Dr. Van Meir and his team's research interest over the past two decades has been in translational cancer research, with a major focus on neuro-oncology and more recently Ewing sarcoma and uveal melanoma.
Titles and Roles
- Professor, Departments of Neurosurgery and Hematology & Medical Oncology
- Emory University School of Medicine
- Leader, Cancer Cell Biology Research Program, and Director, Laboratory for Molecular Neuro-Oncology
- Winship Cancer Institute of Emory University
- Program Director, Emory Graduate Program in Cancer Biology
- Laney Graduate School, Emory University
- Research Program
- Cancer Cell Biology
Erwin Van Meir, PhD directs the Laboratory of Molecular Neuro-Oncology and participates in a multidisciplinary neuro-oncology team that designs new approaches for brain tumor therapy. Dr. Van Meir is the Founding Director of the Laney Graduate School's Cancer Biology Graduate Program and the Leader of the Cancer Cell Biology research program at Winship Cancer Institute. He has extensive experience in cancer research and has made many original contributions with his colleagues in this area.
Dr. Van Meir has trained multiple undergraduate and graduate students, medical fellows and postdocs and is a member of the Graduate Division of Biological and Biochemical Sciences at Emory, where he participates in the programs in Cancer Biology, Genetics and Molecular Biology and Neurosciences. He is active in several scientific societies and foundations, including the Society for Neuro-Oncology and the Southeastern Brain Tumor Foundation.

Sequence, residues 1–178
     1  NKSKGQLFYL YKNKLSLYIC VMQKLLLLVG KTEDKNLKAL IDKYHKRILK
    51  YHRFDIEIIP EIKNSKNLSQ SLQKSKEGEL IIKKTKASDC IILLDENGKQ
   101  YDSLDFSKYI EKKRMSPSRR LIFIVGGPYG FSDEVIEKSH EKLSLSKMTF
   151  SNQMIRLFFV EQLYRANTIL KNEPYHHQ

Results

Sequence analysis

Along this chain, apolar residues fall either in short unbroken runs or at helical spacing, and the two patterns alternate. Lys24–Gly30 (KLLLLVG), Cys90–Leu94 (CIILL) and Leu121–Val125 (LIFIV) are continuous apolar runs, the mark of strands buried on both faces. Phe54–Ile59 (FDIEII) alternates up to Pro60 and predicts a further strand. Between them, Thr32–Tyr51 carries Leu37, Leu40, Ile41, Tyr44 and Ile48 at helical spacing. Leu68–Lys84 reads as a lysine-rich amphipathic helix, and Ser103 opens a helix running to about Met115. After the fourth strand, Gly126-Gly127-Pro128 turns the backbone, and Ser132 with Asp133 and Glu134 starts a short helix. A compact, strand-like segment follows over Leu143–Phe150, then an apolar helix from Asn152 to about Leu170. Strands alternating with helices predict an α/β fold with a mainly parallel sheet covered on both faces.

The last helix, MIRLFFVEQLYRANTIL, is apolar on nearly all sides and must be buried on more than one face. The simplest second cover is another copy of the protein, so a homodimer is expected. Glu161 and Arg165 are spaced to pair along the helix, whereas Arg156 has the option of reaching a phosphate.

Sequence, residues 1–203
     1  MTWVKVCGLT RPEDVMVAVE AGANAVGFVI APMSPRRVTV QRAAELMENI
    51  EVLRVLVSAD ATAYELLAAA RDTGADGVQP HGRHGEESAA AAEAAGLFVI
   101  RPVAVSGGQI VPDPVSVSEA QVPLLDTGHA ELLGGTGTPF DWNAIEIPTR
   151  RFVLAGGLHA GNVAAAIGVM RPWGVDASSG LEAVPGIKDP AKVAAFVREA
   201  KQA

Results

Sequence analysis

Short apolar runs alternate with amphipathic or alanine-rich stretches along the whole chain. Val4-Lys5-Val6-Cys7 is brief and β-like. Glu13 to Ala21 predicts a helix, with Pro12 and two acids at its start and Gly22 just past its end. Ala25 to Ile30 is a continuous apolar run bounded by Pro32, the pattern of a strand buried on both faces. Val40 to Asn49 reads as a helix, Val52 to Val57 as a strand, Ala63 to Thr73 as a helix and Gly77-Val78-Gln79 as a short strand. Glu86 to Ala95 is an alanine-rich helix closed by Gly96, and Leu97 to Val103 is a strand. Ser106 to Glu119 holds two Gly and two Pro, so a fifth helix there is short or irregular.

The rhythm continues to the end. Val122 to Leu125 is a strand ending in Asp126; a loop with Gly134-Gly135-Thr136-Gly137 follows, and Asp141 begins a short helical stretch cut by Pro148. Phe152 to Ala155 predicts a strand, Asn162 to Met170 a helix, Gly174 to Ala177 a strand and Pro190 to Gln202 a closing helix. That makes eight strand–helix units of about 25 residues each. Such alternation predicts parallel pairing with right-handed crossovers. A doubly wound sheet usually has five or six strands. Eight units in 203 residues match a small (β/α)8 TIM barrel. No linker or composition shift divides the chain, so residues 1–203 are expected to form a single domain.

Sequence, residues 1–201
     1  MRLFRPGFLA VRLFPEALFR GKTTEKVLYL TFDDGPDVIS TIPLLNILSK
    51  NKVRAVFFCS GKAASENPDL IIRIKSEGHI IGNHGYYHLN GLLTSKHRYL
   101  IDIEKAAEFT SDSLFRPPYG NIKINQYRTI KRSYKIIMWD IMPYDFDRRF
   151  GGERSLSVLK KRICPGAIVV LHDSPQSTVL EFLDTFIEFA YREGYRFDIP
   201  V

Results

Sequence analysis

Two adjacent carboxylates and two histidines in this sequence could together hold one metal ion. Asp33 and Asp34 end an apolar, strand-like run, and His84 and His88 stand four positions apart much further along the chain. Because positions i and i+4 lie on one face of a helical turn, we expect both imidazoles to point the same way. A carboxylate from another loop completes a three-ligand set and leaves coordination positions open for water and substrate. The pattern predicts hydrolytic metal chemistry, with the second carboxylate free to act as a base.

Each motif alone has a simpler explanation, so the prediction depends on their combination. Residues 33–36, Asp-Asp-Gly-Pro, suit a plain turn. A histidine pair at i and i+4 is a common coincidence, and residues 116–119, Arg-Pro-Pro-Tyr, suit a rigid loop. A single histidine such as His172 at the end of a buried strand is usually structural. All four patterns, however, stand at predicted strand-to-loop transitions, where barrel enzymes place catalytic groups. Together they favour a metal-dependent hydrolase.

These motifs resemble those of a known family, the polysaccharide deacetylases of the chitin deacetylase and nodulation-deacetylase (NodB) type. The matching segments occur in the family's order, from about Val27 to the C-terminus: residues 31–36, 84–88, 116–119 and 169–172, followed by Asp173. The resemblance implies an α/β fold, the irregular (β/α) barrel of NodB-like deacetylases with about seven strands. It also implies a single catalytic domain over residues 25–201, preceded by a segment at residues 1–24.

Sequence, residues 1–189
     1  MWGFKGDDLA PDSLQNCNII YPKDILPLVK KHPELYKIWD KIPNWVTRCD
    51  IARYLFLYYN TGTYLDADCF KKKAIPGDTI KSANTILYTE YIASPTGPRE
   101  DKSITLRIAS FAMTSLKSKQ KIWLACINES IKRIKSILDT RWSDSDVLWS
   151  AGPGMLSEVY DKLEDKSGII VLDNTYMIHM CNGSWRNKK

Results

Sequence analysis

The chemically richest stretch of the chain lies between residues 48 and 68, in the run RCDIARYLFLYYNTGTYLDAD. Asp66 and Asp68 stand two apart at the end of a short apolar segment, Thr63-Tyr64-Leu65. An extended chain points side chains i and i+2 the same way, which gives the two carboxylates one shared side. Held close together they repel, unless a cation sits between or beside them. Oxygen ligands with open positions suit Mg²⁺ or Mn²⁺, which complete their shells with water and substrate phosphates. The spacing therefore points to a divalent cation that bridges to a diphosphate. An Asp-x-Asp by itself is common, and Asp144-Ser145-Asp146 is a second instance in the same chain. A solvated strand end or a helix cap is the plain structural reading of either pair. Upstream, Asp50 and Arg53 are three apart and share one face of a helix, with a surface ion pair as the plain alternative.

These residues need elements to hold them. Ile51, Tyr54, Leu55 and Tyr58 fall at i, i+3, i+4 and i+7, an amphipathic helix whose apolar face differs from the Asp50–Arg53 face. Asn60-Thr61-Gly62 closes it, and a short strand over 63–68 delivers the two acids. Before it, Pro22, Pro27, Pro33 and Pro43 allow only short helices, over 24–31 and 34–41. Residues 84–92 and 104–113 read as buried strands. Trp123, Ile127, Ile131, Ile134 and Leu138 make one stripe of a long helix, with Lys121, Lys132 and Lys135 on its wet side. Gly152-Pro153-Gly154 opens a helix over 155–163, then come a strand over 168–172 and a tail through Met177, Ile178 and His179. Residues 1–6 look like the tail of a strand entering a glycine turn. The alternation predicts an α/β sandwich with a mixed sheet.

Dr. Van Meir was trained in molecular biology at the Universities of Fribourg and Lausanne, Switzerland where he obtained his PhD in 1989. He pursued postdoctoral work at the Ludwig Institute for Cancer Research in San Diego, and joined the faculty of Emory University in 1998.
Dr. Van Meir's research interest over the last 26 years has been in translational cancer research, with a major focus on neuro-oncology (gliomas and medulloblastomas) and more recently metastatic uveal melanoma. His research team strives to understand the molecular basis for human tumor development and how we can use this knowledge to devise new diagnostics and therapeutics that will improve patient survival. They have further interest in identifying new biomarkers for neuro-oncology, using proteomic and metabolomic analyses of the cerebrospinal fluid. They aim to translate these novel biomarkers and therapeutic agents to testing in clinical trials with the hope to improve cancer patient treatment. The principal modeling systems they use are glioblastoma, medulloblastoma, and uveal melanoma, all highly malignant cancers, although the experimental therapeutics they develop are applicable to the cure of many solid malignancies.
Dr. Van Meir's research, supported by the NIH and many private foundations, is described in more than 160 peer-reviewed international scientific publications that are highly cited (19,000 citations; H-index of 71). He is also the author of several US and foreign patents. His contributions have been presented in over 180 invited oral communications worldwide and have furthered the understanding of brain tumor biology and genetics, as well as led to the development novel preclinical therapeutic approaches for cancer. He serves as a reviewer for over 30 international cancer research journals, is a current member of the editorial board of Frontiers in Bioscience and the International Journal of Oncology, and is a former editor of several other cancer journals.
Publications Publication Date
In 2016, Dr. Van Meir received the Phil Jory Research Award from the Southeastern Brain Tumor Foundation.